Why, my Chinese students asked, will we read this? Because you need to prepare for American university classes, I replied. But more importantly: because this book might just change your life! I said this without apology or awkwardness. I believed it! Ultimately, if a great work of history and literature does not have the potential to change a student’s life, to shape their character or transform their worldview, there is no point in teaching it! Most students believe this themselves. They can tell whether you believe the books you are assigning are that important. If you do not believe the works you are assigning matter, students will not think they matter either. I presented the Iliad as a meditation on universal problems of the human condition. My students read it as such.

I think that a big reason for why I find the Iliad to be sublime is that unlike most other fiction that I have read, there is an epic objectivity about the way it presents things.

To a modern reader like me, at least, The Iliad seems to be light on propagandistic ways of viewing reality. It has no conventional good guys and bad guys. The Greeks are a bunch of honor culture-bound bandit thugs, whereas the Trojans are relatively more civilized, but the Iliad also shows you enough of the Greek leaders' thinking to make them seem real rather than like cartoonish villains, and it spends more time with the Greeks than with the Trojans.

It presents war as something that is occasionally glorious but largely horrific. When people die, you get startlingly contrasting flashbacks to earlier days when they were living in peacetime. The actual deaths are more brutal than romanticized. There is a lot of anatomic detail about spears crushing their way through people's bodies.

Hector, the character who is most sympathetic to my moral sensibilities, fights on the losing side and gets killed. There is no traditional happy ending. Even if you are rooting for the Greeks, the book ends on a somber rather than a triumphal note.

There is also a sort of modern-feeling sense of atheism about the book. The gods are to such a large extent comic relief that it is hard to see them as being divine in any sublime way. They basically just act the way that humans probably would if humans had superpowers.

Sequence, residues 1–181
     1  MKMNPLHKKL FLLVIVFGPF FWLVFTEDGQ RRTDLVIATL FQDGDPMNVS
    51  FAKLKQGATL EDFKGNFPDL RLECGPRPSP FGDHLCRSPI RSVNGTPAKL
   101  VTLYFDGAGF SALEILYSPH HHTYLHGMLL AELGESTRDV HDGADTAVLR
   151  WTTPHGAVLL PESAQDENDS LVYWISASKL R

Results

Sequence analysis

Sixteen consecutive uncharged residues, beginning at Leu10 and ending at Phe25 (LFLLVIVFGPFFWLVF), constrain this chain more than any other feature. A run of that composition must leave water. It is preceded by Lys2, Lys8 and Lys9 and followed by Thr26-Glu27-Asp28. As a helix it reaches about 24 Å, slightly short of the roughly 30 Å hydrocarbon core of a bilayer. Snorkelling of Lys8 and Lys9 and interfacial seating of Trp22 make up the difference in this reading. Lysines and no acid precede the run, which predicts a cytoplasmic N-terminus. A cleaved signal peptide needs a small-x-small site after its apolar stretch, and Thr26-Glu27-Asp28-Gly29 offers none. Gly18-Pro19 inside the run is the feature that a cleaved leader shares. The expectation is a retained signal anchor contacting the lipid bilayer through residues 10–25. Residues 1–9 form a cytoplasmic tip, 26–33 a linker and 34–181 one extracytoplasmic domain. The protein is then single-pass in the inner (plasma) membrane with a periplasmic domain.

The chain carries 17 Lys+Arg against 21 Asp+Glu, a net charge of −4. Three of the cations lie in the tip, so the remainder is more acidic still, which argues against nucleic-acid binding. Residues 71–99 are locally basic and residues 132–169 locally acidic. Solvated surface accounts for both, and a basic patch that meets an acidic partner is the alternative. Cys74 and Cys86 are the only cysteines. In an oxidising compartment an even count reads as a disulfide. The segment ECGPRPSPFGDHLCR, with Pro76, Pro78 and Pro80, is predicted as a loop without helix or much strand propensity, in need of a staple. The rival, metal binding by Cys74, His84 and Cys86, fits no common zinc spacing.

Yet at the same time there is a sort of horror to this. These gods might be funny, but the fact remains that they are playing with the humans in a similar way to how humans might get dogs to fight each other, or at best the way that a rather sociopathic much older brother might treat a much younger brother.

These gods also seem rather pathetic in that despite all their powers for some reason they get deeply invested in petty human affairs. Don't they have anything more interesting to do? It seems not.

So again, there is that balancing epic objectivity that one finds all through the text. The gods can easily crush the humans, but are comic and oddly invested in human drama. The humans are pathetic when measured by raw power, but unlike the immortal gods their decisions have a sort of grandeur and weight because unlike the gods, the humans are vulnerable and their decisions actually matter deeply to them.

One does not feel like the text is trying to convince you of some political or religious ideology.

If anything makes me doubt that the Iliad and the Odyssey were created by the same people or groups of people, it is that compared to the Iliad, the Odyssey is much more of a conventional straight-forward adventure story in which the protagonist's opponents are like two-dimensional cardboard cutouts that only seem to be there so that the protagonist can overcome them in various entertaining ways.